Asking for Help

If you’ve been reading this blog from the beginning, it’s not news that life after graduation has been really, really hard for me. Some of it has just been adjusting to being an adult: getting jobs, having jobs, paying bills, cooking for myself, and in general just being more self-sufficient. But a larger part of it, which occasionally stemmed from and influenced all of those other things, was my social life and the loneliness and anxiety that came from being on my own. At first, I was comforted by all the people telling me that what I was feeling was completely normal. But as I passed the six-month mark of feeling fairly miserable for much of the time, I knew that what was going on was, for me, not at all normal.

I’ve been a very active person my entire life, as well as a very Type-A person, and that has filled my life with a lot of probably unneeded stress. And even though I don’t consider myself a social person (see this entry and this one to know what I’m talking about), I always had plenty of friends that I loved because, through activities and school, we discovered that in addition to being on the team or in the class together, we actually liked each other and wanted to spend time together outside of those things.

Once I graduated though, something that I had always joked about was revealed to be very, very true: I didn’t know how to meet people or make friends. As I said, all of my to-this-day good friends are people I met through some sort of activity, or because another close friend would hang out with them while also with me. There was no pressure or time limit to get to know each other because, hey, we’re going to be in History 101 together for an entire semester. And then after working on a project with them or enjoying their witty remarks (or them enjoying mine), we would slowly become friends. I never realized how easy school and theatre made it to meet potential friends, without even really trying.

But then came graduation, a time after which classes were pulled from my life and acting opportunities were scarce. It’s not that I didn’t have any friends, but many of them are in different states for grad school, others were working like me, and the friends that were still at my alma mater seemed to be creating a whole new life, with new friends, without me. The latter group wasn’t ignoring me- we still met up and texted occasionally- but after seeing them pretty much every day whether I wanted to or not, it seemed a sudden drop and it left me miserable and crying a lot of the time. While I was living in my first apartment (room), I was always alone, being too shy to insert myself into my landlord’s life, and I thought it would be so much better when I moved in with people my own age. And in some ways, it has been much better: though I’m still too awkward to even join my roommates in the living room very often, at least I have people around. But the combination of me being too shy to talk to them and feeling slightly out of place due to our different interests (they’re all kind of into the same basic stuff. I’m not), as well as their sexual relationships with the significant others they have over a lot, just make me really awkward and feeling like I force my presence on them. All of this added up to me being really really lonely and more constantly miserable than I’ve ever been in my life.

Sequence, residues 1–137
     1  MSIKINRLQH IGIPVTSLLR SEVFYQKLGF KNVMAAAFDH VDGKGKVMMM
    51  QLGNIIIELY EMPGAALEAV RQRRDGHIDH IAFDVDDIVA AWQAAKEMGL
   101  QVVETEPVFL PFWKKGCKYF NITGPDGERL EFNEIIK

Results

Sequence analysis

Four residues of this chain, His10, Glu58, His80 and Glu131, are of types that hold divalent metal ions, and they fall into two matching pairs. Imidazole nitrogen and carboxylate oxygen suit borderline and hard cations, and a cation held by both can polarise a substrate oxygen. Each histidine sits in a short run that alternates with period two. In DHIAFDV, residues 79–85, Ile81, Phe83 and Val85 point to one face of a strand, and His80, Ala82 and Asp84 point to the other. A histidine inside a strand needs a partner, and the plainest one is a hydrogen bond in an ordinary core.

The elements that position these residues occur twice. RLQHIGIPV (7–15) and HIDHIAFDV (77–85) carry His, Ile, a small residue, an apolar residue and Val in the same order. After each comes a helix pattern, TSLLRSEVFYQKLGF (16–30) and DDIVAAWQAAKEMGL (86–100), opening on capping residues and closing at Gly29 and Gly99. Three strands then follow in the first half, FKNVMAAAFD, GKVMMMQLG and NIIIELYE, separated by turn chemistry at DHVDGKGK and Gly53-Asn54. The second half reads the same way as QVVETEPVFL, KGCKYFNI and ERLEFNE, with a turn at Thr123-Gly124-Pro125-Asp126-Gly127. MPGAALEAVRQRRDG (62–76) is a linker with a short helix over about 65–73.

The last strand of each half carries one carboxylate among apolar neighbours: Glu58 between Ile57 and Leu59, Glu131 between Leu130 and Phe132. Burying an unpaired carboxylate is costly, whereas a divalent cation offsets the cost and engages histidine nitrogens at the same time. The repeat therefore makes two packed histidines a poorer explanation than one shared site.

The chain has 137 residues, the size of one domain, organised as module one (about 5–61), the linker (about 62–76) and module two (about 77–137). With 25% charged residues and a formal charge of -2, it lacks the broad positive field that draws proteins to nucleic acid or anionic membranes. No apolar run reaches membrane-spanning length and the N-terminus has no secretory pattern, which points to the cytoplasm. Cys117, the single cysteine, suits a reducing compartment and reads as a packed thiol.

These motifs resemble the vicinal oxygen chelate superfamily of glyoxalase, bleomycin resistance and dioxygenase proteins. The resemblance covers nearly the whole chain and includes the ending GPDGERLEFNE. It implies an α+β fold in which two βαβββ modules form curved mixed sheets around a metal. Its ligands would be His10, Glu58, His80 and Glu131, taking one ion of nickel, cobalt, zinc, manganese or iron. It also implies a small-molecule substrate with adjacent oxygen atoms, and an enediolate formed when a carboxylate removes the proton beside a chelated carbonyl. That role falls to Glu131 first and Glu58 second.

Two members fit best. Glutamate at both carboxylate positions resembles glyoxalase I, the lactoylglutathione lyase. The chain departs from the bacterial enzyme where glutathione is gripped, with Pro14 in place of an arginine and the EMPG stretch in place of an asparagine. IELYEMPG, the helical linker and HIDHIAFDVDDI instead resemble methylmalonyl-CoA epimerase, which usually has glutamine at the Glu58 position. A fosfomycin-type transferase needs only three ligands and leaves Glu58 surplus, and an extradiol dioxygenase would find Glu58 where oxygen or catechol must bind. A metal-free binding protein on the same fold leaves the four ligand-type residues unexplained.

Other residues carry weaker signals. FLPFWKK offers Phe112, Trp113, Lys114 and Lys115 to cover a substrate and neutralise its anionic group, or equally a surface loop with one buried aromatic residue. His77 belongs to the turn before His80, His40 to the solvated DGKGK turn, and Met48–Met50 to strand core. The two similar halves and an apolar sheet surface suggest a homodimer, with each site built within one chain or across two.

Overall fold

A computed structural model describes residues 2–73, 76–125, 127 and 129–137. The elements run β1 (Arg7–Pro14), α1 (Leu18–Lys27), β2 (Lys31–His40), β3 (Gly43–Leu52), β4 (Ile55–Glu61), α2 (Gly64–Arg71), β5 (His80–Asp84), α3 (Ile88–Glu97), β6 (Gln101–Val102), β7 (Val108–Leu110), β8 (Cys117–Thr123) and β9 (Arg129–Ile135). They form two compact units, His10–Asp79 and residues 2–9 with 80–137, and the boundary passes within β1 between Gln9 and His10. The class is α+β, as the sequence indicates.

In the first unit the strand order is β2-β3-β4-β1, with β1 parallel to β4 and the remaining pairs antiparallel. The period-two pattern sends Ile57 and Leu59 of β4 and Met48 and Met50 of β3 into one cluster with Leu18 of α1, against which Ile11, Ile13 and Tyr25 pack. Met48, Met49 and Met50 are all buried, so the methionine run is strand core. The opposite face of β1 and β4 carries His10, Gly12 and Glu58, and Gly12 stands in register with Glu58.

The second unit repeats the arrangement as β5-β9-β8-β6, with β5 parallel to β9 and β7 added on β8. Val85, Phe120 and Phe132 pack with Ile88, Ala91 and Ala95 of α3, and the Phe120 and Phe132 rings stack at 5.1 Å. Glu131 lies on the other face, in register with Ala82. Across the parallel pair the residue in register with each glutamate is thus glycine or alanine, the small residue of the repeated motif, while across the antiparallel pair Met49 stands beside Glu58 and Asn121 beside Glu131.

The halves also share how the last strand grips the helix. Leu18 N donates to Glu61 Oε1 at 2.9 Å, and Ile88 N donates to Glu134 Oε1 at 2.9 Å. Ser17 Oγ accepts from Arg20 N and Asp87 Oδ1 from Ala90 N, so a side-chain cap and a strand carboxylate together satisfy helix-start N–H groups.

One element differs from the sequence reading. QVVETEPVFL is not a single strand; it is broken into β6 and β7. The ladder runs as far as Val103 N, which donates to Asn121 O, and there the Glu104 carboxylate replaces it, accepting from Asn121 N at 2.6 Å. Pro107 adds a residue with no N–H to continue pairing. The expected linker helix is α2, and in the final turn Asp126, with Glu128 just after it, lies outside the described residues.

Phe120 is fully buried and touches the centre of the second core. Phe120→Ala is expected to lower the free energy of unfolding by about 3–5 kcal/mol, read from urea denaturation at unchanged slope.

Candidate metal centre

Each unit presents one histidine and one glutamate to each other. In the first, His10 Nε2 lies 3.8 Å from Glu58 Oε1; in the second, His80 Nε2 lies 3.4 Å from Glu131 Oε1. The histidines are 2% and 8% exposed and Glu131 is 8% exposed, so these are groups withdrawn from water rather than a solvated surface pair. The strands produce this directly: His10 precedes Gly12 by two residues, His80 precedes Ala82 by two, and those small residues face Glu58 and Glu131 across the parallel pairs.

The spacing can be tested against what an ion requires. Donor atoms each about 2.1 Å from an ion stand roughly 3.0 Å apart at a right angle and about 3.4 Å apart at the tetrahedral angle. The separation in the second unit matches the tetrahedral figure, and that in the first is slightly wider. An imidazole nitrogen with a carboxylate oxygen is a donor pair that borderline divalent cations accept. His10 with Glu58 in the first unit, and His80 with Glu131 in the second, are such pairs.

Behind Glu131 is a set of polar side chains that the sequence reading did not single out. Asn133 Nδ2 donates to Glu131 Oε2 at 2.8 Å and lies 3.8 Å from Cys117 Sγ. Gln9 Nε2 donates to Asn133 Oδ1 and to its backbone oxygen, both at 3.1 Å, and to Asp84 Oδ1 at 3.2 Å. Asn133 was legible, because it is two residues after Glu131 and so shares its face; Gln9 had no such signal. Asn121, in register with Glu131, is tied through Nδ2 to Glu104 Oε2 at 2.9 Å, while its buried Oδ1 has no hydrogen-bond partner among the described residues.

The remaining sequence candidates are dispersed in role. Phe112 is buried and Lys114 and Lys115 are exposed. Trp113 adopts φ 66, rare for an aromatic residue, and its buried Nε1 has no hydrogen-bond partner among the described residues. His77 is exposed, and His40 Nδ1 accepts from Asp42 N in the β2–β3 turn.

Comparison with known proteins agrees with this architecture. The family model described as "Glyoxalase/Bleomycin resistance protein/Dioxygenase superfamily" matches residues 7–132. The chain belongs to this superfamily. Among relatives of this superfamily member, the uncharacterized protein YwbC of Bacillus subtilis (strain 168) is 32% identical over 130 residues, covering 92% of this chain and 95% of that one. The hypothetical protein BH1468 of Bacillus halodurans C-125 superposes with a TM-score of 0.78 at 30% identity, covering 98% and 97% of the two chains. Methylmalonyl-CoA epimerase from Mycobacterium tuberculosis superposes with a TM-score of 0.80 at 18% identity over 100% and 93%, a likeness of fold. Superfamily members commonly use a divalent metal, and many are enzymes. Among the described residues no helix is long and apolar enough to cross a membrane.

The sadness started to affect me really badly this month. For the fifth year, I joined the ranks of writers who compose a 50,000 word novel in a month. For the past three years, I’ve made that goal, using every free second I had (even though I didn’t have many of those) to word towards completing the challenge. This year, and especially this month, I had ample free time, and as of this moment, I have completely stopped writing the novel. I just don’t have the self-motivation anymore, and it’s not because I don’t want to write the story. I didn’t want to do anything, didn’t even really want to leave my room, let alone my apartment. While I’m a crier, for situations good and ill, I was crying all the time because I was so sad, sadder for longer than I’d ever been in my entire life without a clear cause. My panic attacks got more frequent, and it was just in general hard to motivate myself to do anything. And then this week, I started having really bad and dangerous thoughts (and I don’t use those labels lightly), and I knew that it wasn’t a “maybe” thing anymore- I had to get help.

I’d been considering going back to therapy since the middle of the summer, but never really did anything about it besides casual research. I really really wanted to find one that was free, since, though I’m still on my parents’ insurance (thanks, Obama!), it’s not their fault my brain and emotions are a mess. But it became clear to me that I wasn’t going to find a free one, and so over the break, I summoned up the courage to ask them for help. I had told my mom before that I was thinking of going, but my recent behavior made it imperative to speak to them about it. Thankfully, my mom said yes right away, which was really relieving (not that I ever really doubted she would, but technically I should be getting closer to being more independent.) I’m starting therapy on Monday, and I’m full of trepidation. During my last bout of therapy, I went in unwillingly and hated every second of it, but afterward, not only did I notice a positive change in myself, so did a lot of other people. This time around, I’m hoping that since I’m going into it by choice, I’ll be a lot more open and forthcoming in the process. Either way, I know it will help me, and I do know that, hard as it is to admit, I do need help.


2 Comments (+add yours?)

    Dec 13, 2012 @ 20:39:07

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  2. Trackback: Attempting NaNoWriMo | "Explore. Dream. Discover."

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